2. A trolley of mass 1 kg is moving with a speed of 3 ms 1 . A block of wood, mass


0,5 kg, is dropped vertically into the trolley. Immediately after the collision, the speed
of the trolley and block is 2 ms 1 . By way of calculation, show whether momentum is
conserved in the collision.
We calculate the momentum of the system before and after the collision.
Before the collision the velocity of the block is 0. The momentum is:
p~i = m1~v1 + m2~v2 = 0 + (1)(3) = 3 kgms 1

After the collision the momentum is:


p~f = (m1 + m2 )~v = (1 + 0,5)(2) = 3 kgms 1

Since the momentum before the collision is the same as the momentum after the colli-
sion, momentum is conserved.

3. A 7200 kg empty railway truck is stationary. A fertiliser firm loads 10 800 kg fertiliser
into the truck. A second, identical, empty truck is moving at 10 ms 1 when it collides
with the loaded truck.

a) If the empty truck stops completely immediately after the collision, use a conserva-
tion law to calculate the velocity of the loaded truck immediately after the collision.
We will take to the left as positive.
1. We can use the law of conservation of momentum.
m1 vi1 + m2 vi2 = m1 vf 1 + m2 vf 2
(18000) (0) + (7200) (10) = (18000) (vf 1 ) + (7200) (0)
vf 1 = 4 m s 1 to the left
b) Calculate the distance that the loaded truck moves after collision, if a constant
frictional force of 24 kN acts on the truck.
2. From the force we can get the acceleration:
F = ma
24 103 = 18000a
a = 1, 33 m s 2
Now we can use the equations of motion to find the distance.

~vf2 = ~vi2 + 2a x
0 = 42 + 2(1,33)( x)

x = 6, 02 m to the left

4. A child drops a squash ball of mass 0,05 kg. The ball strikes the ground with a velocity
of 4 ms 1 and rebounds with a velocity of 3 ms 1 . Considering only the squash ball,
does the law of conservation of momentum apply to this situation? Explain.
The principle of conservation of linear momentum states:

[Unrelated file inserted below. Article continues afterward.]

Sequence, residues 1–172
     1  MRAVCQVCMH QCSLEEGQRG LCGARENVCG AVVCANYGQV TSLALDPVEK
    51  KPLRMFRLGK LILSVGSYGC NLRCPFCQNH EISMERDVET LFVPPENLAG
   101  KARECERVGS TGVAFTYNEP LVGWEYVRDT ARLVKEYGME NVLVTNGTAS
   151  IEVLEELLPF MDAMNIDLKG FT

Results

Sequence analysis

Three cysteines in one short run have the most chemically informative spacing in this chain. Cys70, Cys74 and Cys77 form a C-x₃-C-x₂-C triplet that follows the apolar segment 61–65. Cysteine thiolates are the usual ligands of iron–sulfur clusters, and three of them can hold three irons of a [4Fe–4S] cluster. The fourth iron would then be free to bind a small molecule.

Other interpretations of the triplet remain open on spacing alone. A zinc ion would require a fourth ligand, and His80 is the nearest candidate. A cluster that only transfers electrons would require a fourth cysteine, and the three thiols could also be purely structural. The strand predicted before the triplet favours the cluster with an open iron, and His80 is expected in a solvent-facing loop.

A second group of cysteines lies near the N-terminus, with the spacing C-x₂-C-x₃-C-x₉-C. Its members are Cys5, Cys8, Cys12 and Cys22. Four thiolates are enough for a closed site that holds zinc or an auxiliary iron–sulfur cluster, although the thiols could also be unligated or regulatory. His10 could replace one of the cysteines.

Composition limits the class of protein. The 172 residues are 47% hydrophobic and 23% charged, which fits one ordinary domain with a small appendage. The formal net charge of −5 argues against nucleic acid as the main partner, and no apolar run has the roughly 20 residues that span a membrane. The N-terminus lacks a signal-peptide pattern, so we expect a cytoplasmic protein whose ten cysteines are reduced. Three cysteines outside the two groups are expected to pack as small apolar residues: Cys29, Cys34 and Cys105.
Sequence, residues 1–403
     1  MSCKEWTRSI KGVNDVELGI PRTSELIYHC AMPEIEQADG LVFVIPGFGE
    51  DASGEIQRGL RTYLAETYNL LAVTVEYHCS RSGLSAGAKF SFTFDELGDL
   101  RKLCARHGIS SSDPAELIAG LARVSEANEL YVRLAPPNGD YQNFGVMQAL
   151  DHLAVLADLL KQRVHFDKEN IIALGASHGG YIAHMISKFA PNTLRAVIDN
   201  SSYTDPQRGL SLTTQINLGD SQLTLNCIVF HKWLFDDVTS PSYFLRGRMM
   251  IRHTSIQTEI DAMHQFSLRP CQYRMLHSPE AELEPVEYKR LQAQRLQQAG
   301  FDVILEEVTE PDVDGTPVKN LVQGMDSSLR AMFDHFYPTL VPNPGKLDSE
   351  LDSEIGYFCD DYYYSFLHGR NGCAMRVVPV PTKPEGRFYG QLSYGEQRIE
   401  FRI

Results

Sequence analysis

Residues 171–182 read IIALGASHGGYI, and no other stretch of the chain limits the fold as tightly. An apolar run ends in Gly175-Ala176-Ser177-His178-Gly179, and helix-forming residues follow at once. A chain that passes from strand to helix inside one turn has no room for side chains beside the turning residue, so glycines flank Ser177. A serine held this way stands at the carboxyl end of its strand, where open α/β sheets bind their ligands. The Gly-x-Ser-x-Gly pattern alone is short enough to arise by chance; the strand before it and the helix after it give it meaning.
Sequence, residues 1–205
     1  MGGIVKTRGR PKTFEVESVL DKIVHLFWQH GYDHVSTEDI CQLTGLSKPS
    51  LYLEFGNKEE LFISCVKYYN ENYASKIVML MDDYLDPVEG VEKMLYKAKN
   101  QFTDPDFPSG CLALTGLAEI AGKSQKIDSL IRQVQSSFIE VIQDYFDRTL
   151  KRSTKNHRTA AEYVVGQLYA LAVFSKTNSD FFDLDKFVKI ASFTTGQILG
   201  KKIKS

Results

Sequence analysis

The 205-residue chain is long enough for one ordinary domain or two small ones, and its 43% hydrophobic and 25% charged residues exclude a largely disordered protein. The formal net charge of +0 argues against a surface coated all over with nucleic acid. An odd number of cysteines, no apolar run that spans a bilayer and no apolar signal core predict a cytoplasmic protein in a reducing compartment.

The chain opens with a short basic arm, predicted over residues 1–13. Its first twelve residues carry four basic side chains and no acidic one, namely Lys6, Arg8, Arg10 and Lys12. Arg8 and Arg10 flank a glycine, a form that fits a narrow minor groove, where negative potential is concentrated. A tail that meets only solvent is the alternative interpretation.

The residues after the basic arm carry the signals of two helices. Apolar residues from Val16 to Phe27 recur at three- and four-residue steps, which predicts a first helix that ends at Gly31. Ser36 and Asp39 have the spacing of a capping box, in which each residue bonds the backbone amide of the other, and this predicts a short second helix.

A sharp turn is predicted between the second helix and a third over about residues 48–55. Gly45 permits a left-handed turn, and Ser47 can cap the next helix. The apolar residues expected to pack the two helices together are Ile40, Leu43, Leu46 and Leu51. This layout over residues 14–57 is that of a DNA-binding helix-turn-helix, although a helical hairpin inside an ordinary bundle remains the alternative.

The total linear momentum of an isolated system is constant. An isolated system has no
forces acting on it from the outside.

Chapter 2. Momentum and impulse 43


This means that in an isolated system the total momentum before a collision or explosion
is equal to the total momentum after the collision or explosion. Taking downwards as
positive.
The momentum before the ball hits the floor is:

p~down = m~vi
= (0,05)(+4)
= (0,2)
1
= 0,2 kgms downwards

The momentum after the ball hits the floor is:

p~up = m~vf
= (0,05)( 3)
= (0,15)
1
= 0,15 kgms upwards

Since the momentum before the ball hits the floor is not equal to the momentum after the
ball hits the floor the law of conservation of momentum does not apply to this situation.
We say that the system is not isolated and that there is a force acting on the ball from
outside the system.

5. A bullet of mass 50 g travelling horizontally at 600 ms 1 strikes a stationary wooden


block of mass 2 kg resting on a smooth horizontal surface. The bullet gets stuck in the
block.

a) Name and state the principle which can be applied to find the speed of the block-
and-bullet system after the bullet entered the block.
Conservation of momentum
b) Calculate the speed of the bullet-and-block system immediately after impact.
m1 vi1 + m2 vi2 = (m1 + m2 ) vf
(0, 05) (600) + (2) (0) = (0, 05 + 2) (vf )
vf = 14, 63 ms 1
~vf = 14,63 ms 1
c) If the time of impact was 5 10 4 s, calculate the force that the bullet exerts on the
block during impact.
Calculate the change in momentum of the bullet:

p~bullet = m(~vf ~vi )


= 0,05(14,63 600)
1
= 29,27 kgms

The bullets change in momentum is equal and opposite to the impulse on the
block:

impulse = F~ t
29,27
F~ =
5 10 4
F~ = 58 540 N

F~ = 58 540 N

44 2.6. Physics in action: Impulse


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Chapter summary

Exercise 2 7: Momentum

1. [SC 2003/11]A projectile is fired vertically upwards from the ground. At the highest point
of its motion, the projectile explodes and separates into two pieces of equal mass. If one
of the pieces is projected vertically upwards after the explosion, the second piece will...